Avoid the traffic jam that is judging through automation!
A Python Flask web application that eases the judging process at hackathons.
- Current Features:
- Assigns each project a table number
- Sorts projects by category so that sponsors know what tables to go to for their categories
- Assigns judges to each project
- Calculates the number of judges needed based on the number of submitted projects
- Planned Features:
- Easy way to submit Devpost CSV
- Login to let judges judge projects directly from a mobile device or laptop and record their responses, including ranking projects and taking notes on them
- Login for admin view to see all submitted scores
- Ability to export scoring data into a separate file
Running Giudice Locally
It is recommended that you use a virtual environment to run Giudice for development. Be sure that you are using Python 3 for the virtual environment. See here for more on how to use them.
Once on your virtual environment:
To install dependencies, run:
$ pip install -r requirements.txt
To run Giudice, use the following command:
To run tests, use the following command:
How Judging Works at BostonHacks
Note for future contributors/users, here is how we at BostonHacks expect judging to work:
Utilize Devpost for project submissions (this is important, as Giudice relies on Devpost data - see next section for more on this)
Judges go to their assigned tables and give each project a score based on its unsponsored track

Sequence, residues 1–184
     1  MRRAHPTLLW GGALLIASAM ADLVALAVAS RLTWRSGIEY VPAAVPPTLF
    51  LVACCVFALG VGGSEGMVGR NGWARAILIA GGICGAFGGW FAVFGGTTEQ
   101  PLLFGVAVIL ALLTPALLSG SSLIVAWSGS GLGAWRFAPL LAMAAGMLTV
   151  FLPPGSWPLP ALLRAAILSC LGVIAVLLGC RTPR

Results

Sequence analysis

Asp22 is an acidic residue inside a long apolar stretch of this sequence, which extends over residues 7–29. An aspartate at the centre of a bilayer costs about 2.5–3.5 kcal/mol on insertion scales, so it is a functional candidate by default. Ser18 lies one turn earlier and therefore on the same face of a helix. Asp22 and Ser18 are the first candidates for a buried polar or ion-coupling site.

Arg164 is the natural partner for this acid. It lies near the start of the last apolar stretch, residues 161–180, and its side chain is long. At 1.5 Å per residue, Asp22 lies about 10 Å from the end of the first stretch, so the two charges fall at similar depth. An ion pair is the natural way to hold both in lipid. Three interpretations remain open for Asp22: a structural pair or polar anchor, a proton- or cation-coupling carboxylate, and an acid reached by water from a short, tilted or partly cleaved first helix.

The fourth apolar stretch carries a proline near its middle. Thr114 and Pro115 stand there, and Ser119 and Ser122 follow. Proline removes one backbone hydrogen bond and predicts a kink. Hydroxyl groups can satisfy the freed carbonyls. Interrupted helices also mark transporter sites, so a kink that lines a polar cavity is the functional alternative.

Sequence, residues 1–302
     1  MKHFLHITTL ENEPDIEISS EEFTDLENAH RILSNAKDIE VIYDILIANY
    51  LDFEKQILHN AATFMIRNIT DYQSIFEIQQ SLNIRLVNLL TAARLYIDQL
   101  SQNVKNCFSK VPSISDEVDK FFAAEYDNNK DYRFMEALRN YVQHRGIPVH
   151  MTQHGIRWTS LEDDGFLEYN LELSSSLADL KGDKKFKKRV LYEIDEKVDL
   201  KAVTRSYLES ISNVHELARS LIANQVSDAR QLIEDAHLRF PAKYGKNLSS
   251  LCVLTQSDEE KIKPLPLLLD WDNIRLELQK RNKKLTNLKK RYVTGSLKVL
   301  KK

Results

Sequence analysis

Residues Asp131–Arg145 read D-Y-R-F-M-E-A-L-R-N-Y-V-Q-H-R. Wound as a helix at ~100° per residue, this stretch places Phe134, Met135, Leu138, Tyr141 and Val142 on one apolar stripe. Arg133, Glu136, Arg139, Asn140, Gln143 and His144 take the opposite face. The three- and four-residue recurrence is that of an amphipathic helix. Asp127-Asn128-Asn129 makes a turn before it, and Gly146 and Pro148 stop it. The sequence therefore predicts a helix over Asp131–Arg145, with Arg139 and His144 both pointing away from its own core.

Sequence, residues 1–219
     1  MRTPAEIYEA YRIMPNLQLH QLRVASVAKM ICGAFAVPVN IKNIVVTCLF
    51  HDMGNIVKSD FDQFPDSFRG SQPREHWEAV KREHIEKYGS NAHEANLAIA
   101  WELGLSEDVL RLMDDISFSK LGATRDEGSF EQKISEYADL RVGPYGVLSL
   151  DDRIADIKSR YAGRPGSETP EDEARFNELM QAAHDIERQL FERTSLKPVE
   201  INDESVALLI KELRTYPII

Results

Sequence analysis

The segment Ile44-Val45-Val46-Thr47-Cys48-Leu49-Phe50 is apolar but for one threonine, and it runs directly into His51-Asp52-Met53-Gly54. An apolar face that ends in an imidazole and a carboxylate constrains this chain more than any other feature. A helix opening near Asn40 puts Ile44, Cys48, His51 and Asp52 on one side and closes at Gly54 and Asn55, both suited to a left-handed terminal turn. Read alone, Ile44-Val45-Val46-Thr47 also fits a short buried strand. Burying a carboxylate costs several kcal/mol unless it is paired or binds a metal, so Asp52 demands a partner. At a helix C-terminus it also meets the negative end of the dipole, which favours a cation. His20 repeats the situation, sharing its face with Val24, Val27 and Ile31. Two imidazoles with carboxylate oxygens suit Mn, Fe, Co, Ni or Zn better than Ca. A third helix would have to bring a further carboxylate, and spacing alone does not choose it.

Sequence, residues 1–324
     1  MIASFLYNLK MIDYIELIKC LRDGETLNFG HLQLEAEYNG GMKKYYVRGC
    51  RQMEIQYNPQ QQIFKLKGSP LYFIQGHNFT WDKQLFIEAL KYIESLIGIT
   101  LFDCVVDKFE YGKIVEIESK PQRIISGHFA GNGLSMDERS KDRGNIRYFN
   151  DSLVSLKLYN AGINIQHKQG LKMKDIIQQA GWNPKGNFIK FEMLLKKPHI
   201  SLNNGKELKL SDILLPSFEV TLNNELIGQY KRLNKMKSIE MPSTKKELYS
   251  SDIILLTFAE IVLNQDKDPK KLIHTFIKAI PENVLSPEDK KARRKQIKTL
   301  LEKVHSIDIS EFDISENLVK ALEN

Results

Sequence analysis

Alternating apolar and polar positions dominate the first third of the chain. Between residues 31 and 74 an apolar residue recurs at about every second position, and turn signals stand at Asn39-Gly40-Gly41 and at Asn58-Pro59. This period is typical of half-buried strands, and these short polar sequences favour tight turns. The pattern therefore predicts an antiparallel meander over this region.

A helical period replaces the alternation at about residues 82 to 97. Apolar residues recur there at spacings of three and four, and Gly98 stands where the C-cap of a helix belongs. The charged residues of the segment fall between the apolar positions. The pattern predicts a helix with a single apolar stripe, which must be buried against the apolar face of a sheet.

We leave the judging of sponsor tracks up to those sponsors, however this app will still let the sponsors know which tables to judge for their tracks.
In the case of a project with no given track, it will be judged solely overall.
Feel free to fork this repository and adjust Giudice according to your hackathon's own judging process!
Giudice relies on Devpost to get its submission data. Devpost provides a CSV file with all the necessary submission data. You can find it for your hackathon by going to your hackathon on your hackthon's admin Devpost account, and clicking: "Manage hackathon" >> "Metrics". From there, you can click "Generate .csv report", using the default options. This is the CSV file you should give to Giudice.
Giudice will also need a list of your judges. This list can be updated in the
judges.txt file. Enter each judge's name on a separate line.
EVERY pull request made on this repository must have at least one reviewer that approves it. If the code contribution is significant (a new feature, large commits, etc.) there must be at least two approving reviewers. If you feel your contribution is just too significant, it is okay to request a group review at a team meeting! You can explain your changes to us, and we will discuss them in the meeting.
This project follows Sphynx styling, and thus requires a docstring for every Python function.
A simple example of how to format a docstring in the Sphynx style would be:
def add(x, y): """ Add two numbers together :param int x: a number to be added :param int y: a number to be added :return: a sum of the two inputs :rtype: int """ return x + y
Other types beyond 'int' include, but are not limited to, 'bool', 'dict' and 'str', and must be spelled as such. For more on Sphynx, see here.
For every new feature added, please update the README accordingly.
For every new dependency added, please include it in the
requirements.txtfile on a newline.
Commits should have descriptive messages that state not WHAT you changed, but rather WHY you changed it. Remember: we generally know how to read your code, but we might not know why you did it! If you feel that your code is unclear as to WHAT you changed as well, only then is it necessary to state the "what" in the commit message, or if the "why" is self-evident. Please see the BostonHacks code guidelines for more details on proper formatting.
Write a test in the
testsdirectory for new significant functions. Call the new test in the
run_tests()function so that the testing script runs properly.